This is an original application for the writ of habeas corpus from Rockwall County. It appears from the record in the divorce suit of Mrs. Cora L. Latham v. J.W. Latham, relator, the proceedings of which are in evidence in this case, that Mrs. Cora Latham brought suit in the district court of Rockwall County, to the September Term thereof, for divorce from her husband, reciting grounds for the divorce; that among other things, she prayed for the custody of her minor children; and also set up the community estate of herself and said husband, and asked for a partition thereof between them in the final decree; and to that end asked for the appointment of a receiver or trustee to take charge of said estate and to partition the same under the order of said court. The petition recites, that said community estate between herself and said husband consisted of a homestead of 80 acres of land in Comanche County, Oklahoma Territory, of the value of $800; a span of mules and wagon of the value of $200; and household and kitchen furniture of the value of $25; that defendant without the knowledge or consent of plaintiff sold said real estate for $800 cash, and said span of mules for $200 cash, and that defendant had also sold the crops grown for the year 1903 on said homestead, which consisted of seven bales of cotton, of the probable value of $350, and other crops of the probable value of $80; that defendant had turned all of said property into money, put the same into his pocket and refused to contribute anything to the support of plaintiff and his minor children. She further alleged that defendant then had on hand more than $1,000, fruits of said community property; and prayed for an accounting and an inventory to be rendered by defendant and the appointment of a receiver or trustee as aforesaid. Defendant, in his answer as to the property rights, alleged that all of the community property of himself and plaintiff had been disposed of, and that the property he had sold since February, 1903, was as follows: relinquishment of land in Oklahoma, $800; crops, $280; household goods, wagon, etc., $15 — total $1023. That defendant now had on hand in money and accounts $600. On the trial of said case, the court instructed the jury as to the issue of divorce between plaintiff and defendant, and also instructed them, if they found in favor of plaintiff as to the divorce, then to determine the rights of the parties as to community property. He charged them to find what portion thereof plaintiff was entitled to, if any. The jury found in favor of plaintiff against defendant as to the divorce. The verdict then reads, as follows: "We also find for plaintiff $300 in cash for the amount the defendant has on hand. We find from the evidence that the defendant has $475, and a $125 account." The court, on the finding of the jury decreed the divorce in favor of plaintiff, gave her the custody of the children; and then the judgment reads, as follows: "And it further appearing to the court, in response to said finding of the jury, that there is in possession of said defendant $475 and a solvent account of the value of $125, and that the same is community property of the said plaintiff and defendant; and that the said plaintiff should have $300 of said money and property as a part of the community property, and for the support and maintenance of the said minor children. It is further ordered, adjudged and decreed by the court that said plaintiff do have $300 of said property. And it appearing to the court that it is necessary to an equal and equitable division of said property, and for the proper adjudication of the rights of both parties in said community property, that a trustee be appointed to disburse, divide and pay out said property under the order of this court; and it appearing to the court that counsel for both parties have agreed upon O.M. Morris of Rockwall, Texas, as said trustee, etc. "The court then proceeds to appoint said Morris, trustee, requiring a bond in the sum of $1,000, which it is shown he gave. The court then required defendant, J.W. Latham, to turn over said money and property into the possession of said trustee at once, leaving the judgment open for the further orders of the court. By further order it is shown that defendant refused to pay over said money or deposit said account with the trustee Moris. The order then proceeds in this language: "And it further appearing to the court that said trustee had made due and legal demand of defendant, J.W. Latham, for the possession of all the community property of said plaintiff and defendant remaining in his hands, and that said defendant failed to turn over to said trustee said property or any part thereof; and defendant being present in court was called upon to produce said property, or show cause why the same should not be done. Whereupon defendant refused to produce said property, or turn same over to said trustee; and was then admonished by said court if said refusal was persisted in, it would render him, the said J.W. Latham in contempt of court. Whereupon defendant asked for further time to consult with his counsel which request was granted, and after due time, defendant came into court with his counsel, and in open court stated to said court that he declined to produce said property in his hands, or turn over the same to said trustee; and it appearing to the court that said defendant wilfully withheld said property, in defiance and in disobedience of the order of this court, wherefore he is considered in contempt of the same. It is therefore ordered adjudged and decreed by the court that said defendant, J.W. Latham, is guilty of gross contempt of this court, and in punishment thereof is committed to the county jail of Rockwall County, Texas, and is to be confined therein until he shall purge himself of said contempt by complying with the order of this court." There is also, in connection with the papers, a motion filed by the plaintiff in that suit to commit defendant for contempt for disobeying the order of said court. Said writ of commitment bears date on the 12th day of September, 1904. The judgment of contempt bears the same date; but by agreement and evidence it is shown, that while the judgment was drawn up and depositel with the clerk on the 12th of September, the date the writ was issued and defendant taken in custody and placed in jail by the sheriff, yet said judgment was not actually entered until two days thereafter. The writ of habeas corpus was sued out and presented to a judge of this court on the 28th day of September, 1904. This is a sufficient statement of the case to review the questions raised.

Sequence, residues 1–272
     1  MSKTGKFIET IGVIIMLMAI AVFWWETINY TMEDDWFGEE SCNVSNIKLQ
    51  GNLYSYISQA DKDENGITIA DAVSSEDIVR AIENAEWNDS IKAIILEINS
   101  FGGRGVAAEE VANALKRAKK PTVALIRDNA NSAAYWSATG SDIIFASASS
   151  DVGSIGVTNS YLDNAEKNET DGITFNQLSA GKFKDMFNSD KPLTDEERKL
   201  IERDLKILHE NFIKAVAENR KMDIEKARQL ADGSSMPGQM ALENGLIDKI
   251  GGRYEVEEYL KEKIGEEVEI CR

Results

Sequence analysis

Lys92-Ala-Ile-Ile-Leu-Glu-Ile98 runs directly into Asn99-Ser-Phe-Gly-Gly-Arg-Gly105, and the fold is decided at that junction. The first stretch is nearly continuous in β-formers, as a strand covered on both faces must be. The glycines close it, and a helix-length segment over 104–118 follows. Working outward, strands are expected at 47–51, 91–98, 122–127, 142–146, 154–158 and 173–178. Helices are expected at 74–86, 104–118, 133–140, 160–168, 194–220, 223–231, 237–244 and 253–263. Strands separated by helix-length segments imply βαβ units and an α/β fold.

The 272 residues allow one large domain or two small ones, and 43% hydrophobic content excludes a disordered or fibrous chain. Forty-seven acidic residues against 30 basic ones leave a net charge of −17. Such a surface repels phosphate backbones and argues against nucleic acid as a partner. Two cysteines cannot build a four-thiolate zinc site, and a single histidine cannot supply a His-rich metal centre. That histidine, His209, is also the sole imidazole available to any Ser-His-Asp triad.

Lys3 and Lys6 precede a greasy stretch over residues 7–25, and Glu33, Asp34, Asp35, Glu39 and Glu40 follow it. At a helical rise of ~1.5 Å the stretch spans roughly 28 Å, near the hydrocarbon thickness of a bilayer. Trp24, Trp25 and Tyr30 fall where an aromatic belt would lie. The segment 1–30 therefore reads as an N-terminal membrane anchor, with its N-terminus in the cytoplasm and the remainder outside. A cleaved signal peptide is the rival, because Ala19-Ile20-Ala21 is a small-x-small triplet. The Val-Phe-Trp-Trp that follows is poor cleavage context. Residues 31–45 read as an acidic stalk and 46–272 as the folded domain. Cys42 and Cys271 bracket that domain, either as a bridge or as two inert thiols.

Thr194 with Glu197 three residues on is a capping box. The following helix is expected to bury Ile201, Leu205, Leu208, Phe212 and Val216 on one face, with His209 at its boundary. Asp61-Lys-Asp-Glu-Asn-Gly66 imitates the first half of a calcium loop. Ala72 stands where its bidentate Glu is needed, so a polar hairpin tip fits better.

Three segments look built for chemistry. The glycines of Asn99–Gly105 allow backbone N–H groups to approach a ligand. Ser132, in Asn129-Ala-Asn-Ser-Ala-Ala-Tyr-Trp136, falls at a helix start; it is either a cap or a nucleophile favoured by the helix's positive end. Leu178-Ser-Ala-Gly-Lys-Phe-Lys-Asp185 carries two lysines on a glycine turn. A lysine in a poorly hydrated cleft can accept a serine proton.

The relator here contends that the judgment of the district court as to the fund, requiring him to turn the same over to the trustee, was beyond the jurisdiction of the court; that the finding of the jury as to the $300 was merely the establishment of a debt, and the court was not authorized to order him to pay the same into court. Relator further contends that because the judgment was not entered until after he was taken into custody by the sheriff and placed in jail, that the same could not afterwards be entered so as to have authorized his being held thereunder. Furthermore he contends that the facts constituting the contempt were not sufficiently adjudged by the court, and that he cannot be held on that account. Also, that the term of imprisonment prescribed is indefinite, and the judgment for contempt is consequently void and not enforceable. And in this connection he urges that the court was only authorized to imprison him for a period not exceeding three days.